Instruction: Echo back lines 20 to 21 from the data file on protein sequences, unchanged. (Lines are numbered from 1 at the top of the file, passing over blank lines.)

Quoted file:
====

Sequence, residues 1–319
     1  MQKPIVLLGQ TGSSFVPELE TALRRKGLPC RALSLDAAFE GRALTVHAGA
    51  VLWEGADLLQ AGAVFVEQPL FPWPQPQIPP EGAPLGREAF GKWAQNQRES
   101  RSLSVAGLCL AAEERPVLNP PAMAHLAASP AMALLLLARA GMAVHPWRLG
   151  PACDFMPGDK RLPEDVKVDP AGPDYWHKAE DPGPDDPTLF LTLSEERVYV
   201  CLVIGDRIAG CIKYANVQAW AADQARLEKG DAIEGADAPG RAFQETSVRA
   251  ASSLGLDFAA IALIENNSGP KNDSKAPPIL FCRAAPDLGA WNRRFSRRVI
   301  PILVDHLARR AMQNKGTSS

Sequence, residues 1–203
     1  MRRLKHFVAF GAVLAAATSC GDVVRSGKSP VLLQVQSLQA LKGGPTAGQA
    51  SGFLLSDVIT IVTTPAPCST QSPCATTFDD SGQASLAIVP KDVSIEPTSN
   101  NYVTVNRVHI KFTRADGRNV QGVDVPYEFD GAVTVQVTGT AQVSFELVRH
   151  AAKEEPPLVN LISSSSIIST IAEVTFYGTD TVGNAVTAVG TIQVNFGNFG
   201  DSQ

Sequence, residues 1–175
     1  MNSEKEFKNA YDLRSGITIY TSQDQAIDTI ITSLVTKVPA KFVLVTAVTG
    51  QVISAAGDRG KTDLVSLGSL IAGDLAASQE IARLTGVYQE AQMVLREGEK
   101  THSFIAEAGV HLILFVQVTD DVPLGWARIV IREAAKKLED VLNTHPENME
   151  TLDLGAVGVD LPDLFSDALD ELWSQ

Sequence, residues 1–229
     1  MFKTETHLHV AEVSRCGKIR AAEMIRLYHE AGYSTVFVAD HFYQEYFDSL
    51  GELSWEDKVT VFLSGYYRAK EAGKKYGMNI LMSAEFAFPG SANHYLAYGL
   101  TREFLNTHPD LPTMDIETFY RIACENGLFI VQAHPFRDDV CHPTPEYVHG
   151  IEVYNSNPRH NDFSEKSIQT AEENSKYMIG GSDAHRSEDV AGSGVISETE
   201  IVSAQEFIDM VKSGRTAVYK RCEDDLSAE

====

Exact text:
Sequence, residues 1–229
     1  MFKTETHLHV AEVSRCGKIR AAEMIRLYHE AGYSTVFVAD HFYQEYFDSL